Necessary truth as consequent:

P □Q P→□Q
T T T
F T T

Note that Q is true on all rows.

An impossibility as antecedent:

□¬P Q □¬P→Q
F T T
F F T

Note that P is false on all rows.

But now consider that in the realm mathematics all propositions are either necessary truths or impossibilities. Thus, any mathematical argument that happens to have a necessary truth in its conclusion is valid, no matter the form of it. That seems like an odd conclusion.

1A conjunction has the form P∧Q. A superconjunction has the form P∧Q∧…∧T. I use it to avoid talking about sets.

Truth tables and necessary truths

Filed under: Logic — Tags: , , , , — Emil O. W. Kirkegaard @ 14:28

In the essay Validity and necessary truths I used truth tables with necessary truths and impossibilities in it. I did it like this:

P □Q P→□Q
T T T
F T T

Note that the modal operator is placed in the truth table also. It could also be done like this:

P Q P→Q
T T T
F T T

Note that Q is true on all rows. When thinking about a necessary truth or an impossibility we can simply choose only to look at the rows where the proposition is true. The truth table above is a part of this larger truth table:

P Q P→Q
T T T
T F F
F T T
F F T

We simply only looked at rows 1 and 3.

April 23, 2009

Why something rather than nothing? An argument for the necessity of a something-world

Filed under: Philosophy — Tags: , , , , , — Emil O. W. Kirkegaard @ 20:31

PDF due to mathematical expressions that WordPress does not support.

why-something-rather-than-nothing_-an-argument-for-the-necessity-of-a-something-world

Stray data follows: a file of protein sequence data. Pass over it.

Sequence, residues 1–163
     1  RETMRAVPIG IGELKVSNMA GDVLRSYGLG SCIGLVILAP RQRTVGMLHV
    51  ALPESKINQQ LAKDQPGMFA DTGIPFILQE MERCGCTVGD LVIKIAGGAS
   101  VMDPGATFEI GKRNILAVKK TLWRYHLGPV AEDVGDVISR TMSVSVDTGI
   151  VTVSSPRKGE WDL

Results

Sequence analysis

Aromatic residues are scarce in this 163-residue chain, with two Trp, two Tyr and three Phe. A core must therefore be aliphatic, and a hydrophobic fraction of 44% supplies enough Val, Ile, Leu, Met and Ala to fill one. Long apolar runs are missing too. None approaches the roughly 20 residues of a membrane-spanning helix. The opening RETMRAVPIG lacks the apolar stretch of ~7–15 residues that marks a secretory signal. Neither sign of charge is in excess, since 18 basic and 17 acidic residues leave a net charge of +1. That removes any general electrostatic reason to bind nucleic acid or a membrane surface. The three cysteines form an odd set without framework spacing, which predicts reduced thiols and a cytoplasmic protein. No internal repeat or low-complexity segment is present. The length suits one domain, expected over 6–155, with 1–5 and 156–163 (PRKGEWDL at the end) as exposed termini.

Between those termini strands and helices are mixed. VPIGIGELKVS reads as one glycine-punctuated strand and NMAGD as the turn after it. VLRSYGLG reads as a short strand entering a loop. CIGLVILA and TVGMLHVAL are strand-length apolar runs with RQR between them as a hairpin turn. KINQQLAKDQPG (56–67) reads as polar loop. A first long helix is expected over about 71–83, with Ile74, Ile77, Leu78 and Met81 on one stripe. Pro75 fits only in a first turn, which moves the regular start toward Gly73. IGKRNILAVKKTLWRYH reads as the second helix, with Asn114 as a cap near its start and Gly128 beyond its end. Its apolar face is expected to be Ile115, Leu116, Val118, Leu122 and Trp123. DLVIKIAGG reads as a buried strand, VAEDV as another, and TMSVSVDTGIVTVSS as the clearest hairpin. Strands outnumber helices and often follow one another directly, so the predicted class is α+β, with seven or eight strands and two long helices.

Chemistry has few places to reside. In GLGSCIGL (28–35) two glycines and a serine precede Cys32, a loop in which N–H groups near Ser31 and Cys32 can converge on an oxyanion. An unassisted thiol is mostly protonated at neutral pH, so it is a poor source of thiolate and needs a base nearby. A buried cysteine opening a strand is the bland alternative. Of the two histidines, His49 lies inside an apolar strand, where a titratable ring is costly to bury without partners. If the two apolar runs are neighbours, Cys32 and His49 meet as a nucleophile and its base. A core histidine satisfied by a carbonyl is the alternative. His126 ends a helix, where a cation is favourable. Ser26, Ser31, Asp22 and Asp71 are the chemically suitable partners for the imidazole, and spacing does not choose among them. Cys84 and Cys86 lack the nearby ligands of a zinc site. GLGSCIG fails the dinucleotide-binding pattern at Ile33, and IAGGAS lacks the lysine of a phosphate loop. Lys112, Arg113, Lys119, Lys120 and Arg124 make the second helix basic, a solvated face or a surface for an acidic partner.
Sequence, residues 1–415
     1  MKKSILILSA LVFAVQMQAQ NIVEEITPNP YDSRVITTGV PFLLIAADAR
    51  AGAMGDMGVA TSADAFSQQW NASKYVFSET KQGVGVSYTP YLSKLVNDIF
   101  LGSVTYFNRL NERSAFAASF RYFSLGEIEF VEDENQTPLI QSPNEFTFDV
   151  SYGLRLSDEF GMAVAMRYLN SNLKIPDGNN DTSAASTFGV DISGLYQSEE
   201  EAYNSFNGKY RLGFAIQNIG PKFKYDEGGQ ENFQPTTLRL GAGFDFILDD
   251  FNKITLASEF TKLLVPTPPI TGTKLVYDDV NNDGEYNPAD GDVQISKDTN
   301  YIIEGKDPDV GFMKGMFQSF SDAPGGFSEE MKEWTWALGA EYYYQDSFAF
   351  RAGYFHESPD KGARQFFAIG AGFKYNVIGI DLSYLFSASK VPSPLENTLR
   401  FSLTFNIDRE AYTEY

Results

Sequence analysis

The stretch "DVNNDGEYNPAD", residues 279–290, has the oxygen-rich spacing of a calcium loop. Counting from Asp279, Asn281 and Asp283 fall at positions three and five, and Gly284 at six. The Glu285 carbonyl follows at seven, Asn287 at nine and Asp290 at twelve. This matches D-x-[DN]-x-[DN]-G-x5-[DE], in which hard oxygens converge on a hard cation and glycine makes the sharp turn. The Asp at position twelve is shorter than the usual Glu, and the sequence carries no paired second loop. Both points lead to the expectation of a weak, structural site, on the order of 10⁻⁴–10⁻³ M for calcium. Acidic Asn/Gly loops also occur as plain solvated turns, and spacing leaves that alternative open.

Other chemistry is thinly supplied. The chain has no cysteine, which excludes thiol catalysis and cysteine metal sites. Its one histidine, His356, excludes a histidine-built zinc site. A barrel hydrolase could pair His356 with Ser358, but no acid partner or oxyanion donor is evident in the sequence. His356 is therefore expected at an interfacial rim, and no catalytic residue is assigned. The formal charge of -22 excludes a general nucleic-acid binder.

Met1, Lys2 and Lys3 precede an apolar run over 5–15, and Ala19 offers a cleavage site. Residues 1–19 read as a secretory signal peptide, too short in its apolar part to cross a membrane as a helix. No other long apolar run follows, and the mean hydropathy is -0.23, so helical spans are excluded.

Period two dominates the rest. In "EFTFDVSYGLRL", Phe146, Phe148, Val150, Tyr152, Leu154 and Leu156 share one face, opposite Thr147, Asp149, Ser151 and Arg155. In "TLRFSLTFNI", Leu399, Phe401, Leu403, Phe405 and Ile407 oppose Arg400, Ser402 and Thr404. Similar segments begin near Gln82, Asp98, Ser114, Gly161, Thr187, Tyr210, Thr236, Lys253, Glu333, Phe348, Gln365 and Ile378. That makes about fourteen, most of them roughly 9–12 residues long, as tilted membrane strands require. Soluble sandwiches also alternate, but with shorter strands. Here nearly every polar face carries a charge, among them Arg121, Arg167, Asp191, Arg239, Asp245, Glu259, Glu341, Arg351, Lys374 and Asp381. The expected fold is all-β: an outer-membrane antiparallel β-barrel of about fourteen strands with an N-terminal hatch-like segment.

April 20, 2009

Motivation, reason, the impossible

Inspired by reading of David Hume’s Enquiry concerning the principles of Morals (EPM) edited by Tom L. Beauchamp.1

“Hume is often interpreted as arguing that no value judgment–however extreme, obscene, or cruel–is reasonable or unreasonable, just as no value judgment is factual. This interpretation needs careful assessment. A passion is ‘unreasonable’ for Hume not because the passion is inappropriate, as we suggest today when we say, ‘It was unreasonable of him to be angry’, but because the passion is based on an erroneous judgment, as when we say, ‘It is unreasonable to have a desire to do what is impossible’. For example, if I desire to see my dead grandfather at a restaurant tonight and this desire together with my peculiar belief that he will be there lead me to go to the restaurant, my desire is unreasonable because the judgment that he is alive and will be at the restaurant is unreasonable. Hume thinks that the judgment, not the desire, is unreasonable.”(Ibid. 47)

It is not Hume’s idea I will comment on here but I agree with it.

It is the idea of the commentator that desiring something impossible in unreasonable. His grandfather example seems fine though. Here are two counter-examples:

It is impossible to achieve a perfect society and not unreasonable to desire.

It is impossible to remove all suffering in the world and not unreasonable to desire.2

One way to defend his view is that the case is some continuum such as the perfectness of society or the amount of suffering in the view, the claim does not hold.

1This one: http://www.elounge.com/pages/ProductDetails.aspx?ProductIndeks=1891812

2I’m using possible in the same collateral sense that he is, not any strict logical sense.

April 17, 2009

A journey into possibility land

Filed under: Uncategorized — Tags: , , , , , , — Emil O. W. Kirkegaard @ 03:27